The cost of going to a Giants game easily approaches $50 to $75 each Sunday. Add to the $46 ticket price, the cost of tolls, parking, program, tip, refreshments, gas and oil, extra clothing, and time, and you have a pretty expensive afternoon. That's the price of four rounds of golf, or rental of an indoor tennis court for 3 hour-long sessions or a good steak dinner for four at Gallagher's.

Tickets for the Metropolitan Opera or New York City Ballet or a Broadway show are cheaper and I don't hear any of those performers "quit," even if it is late in their season. Maybe it's because they just concentrate on offering the best that's within them and devote themselves to excellence in each performance. Maybe that's because they don't have to worry about making the playoffs. You seem to lose sight of the fact that the playoffs are merely the logical product of the season. It's the season that counts. It's the four months of excitement, excellent performance, unpredictable entertainment we pay to enjoy. The season came before the playoffs and that season consists of 14 games. Don't sell the product short.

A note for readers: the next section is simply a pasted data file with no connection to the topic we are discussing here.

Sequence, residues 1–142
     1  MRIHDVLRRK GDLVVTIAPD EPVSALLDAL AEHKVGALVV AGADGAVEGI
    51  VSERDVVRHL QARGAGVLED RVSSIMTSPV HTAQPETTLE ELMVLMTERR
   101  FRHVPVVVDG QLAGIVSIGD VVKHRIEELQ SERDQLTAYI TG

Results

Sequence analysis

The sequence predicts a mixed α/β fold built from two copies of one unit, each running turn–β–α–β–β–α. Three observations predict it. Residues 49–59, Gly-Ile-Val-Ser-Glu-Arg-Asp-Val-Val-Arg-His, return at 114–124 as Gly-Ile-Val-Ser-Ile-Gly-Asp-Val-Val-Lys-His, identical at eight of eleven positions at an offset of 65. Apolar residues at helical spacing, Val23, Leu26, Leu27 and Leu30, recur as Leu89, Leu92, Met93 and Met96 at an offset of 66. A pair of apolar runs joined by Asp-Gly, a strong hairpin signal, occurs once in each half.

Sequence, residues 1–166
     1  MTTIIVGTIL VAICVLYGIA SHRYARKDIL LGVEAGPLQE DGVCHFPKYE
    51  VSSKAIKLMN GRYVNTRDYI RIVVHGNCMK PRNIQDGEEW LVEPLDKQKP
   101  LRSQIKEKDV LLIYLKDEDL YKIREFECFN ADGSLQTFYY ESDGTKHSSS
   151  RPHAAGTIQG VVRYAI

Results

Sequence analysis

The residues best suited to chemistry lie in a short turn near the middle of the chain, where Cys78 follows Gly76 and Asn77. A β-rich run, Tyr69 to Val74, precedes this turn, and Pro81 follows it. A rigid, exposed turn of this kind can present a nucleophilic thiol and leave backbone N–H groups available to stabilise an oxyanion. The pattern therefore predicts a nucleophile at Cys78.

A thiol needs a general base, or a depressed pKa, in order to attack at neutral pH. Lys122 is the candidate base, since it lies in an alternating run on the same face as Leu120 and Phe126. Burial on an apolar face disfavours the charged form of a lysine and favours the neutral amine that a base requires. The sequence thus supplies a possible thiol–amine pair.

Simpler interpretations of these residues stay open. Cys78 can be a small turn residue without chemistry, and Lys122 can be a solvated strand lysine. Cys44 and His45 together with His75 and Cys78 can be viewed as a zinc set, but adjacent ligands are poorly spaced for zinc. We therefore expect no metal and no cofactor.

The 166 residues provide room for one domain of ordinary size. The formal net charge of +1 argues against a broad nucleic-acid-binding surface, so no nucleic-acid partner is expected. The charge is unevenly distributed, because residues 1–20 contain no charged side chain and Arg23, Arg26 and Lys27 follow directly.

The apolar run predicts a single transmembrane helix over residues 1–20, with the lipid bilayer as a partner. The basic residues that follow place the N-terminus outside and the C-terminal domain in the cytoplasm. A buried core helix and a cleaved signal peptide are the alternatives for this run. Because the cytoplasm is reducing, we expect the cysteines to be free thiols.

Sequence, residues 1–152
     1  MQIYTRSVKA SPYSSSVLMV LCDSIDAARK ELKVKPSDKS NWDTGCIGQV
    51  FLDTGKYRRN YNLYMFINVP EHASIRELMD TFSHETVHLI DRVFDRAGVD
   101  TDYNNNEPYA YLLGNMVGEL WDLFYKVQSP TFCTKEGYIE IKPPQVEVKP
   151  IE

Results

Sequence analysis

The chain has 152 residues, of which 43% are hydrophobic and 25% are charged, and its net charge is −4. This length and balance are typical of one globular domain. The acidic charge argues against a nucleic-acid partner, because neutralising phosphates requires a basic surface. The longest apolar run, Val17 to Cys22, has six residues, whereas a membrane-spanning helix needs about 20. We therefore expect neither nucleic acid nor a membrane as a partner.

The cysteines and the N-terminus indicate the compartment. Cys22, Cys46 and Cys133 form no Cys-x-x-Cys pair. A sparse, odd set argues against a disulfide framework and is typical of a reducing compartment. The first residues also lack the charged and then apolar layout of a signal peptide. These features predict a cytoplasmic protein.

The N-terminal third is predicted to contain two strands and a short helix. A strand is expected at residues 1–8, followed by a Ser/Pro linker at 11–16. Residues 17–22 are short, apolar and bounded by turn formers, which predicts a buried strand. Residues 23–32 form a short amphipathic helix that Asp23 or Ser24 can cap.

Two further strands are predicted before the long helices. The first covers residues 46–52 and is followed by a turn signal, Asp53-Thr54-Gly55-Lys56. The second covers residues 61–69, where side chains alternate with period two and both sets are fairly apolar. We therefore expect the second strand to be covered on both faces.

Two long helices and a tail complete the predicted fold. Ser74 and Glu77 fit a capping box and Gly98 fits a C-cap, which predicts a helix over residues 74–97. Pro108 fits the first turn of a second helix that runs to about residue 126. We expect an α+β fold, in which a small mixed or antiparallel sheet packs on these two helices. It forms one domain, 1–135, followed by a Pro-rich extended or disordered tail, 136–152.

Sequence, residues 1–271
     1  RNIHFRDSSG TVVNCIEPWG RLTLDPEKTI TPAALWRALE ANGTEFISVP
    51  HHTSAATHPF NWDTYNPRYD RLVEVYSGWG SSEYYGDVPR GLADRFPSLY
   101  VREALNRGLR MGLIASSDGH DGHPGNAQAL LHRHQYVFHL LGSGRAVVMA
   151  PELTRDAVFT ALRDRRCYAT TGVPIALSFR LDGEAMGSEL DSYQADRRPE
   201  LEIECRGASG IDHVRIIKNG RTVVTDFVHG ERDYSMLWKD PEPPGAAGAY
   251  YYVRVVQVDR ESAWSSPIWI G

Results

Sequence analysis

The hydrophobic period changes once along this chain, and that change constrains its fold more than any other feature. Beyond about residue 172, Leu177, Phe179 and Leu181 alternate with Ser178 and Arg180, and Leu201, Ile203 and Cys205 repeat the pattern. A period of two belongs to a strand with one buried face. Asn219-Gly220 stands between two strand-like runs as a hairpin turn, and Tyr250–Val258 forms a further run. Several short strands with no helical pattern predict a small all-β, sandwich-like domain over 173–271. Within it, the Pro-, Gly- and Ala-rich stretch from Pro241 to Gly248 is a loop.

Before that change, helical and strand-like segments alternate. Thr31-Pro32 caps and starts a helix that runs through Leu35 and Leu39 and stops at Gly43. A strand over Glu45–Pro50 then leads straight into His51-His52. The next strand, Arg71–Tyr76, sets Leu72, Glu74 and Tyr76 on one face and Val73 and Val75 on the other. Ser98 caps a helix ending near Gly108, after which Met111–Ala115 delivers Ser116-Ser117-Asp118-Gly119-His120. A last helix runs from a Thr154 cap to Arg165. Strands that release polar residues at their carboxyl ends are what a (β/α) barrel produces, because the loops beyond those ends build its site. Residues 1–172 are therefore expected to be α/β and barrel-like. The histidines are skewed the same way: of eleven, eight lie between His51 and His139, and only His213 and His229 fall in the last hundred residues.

I mentioned both salaries and pension at the outset. If the prevalent attitude becomes one of quitting because a game has no effect upon the standings -- or because a team has lost the first two games of the season, there is great danger that the fans might become disenchanted with what they get out of this considerable investment of money, time and interest in pro football. And unless the stadium is full, and people are clamoring for tickets -- the wherewithal to provide those salaries and pensions will evaporate -- and so will your economic security.

Giant fans have stuck with you guys through 12 lean years and haven't quit yet. I don't think it's appropriate for you to talk of quitting at this stage or any stage of the season.

With kind regards,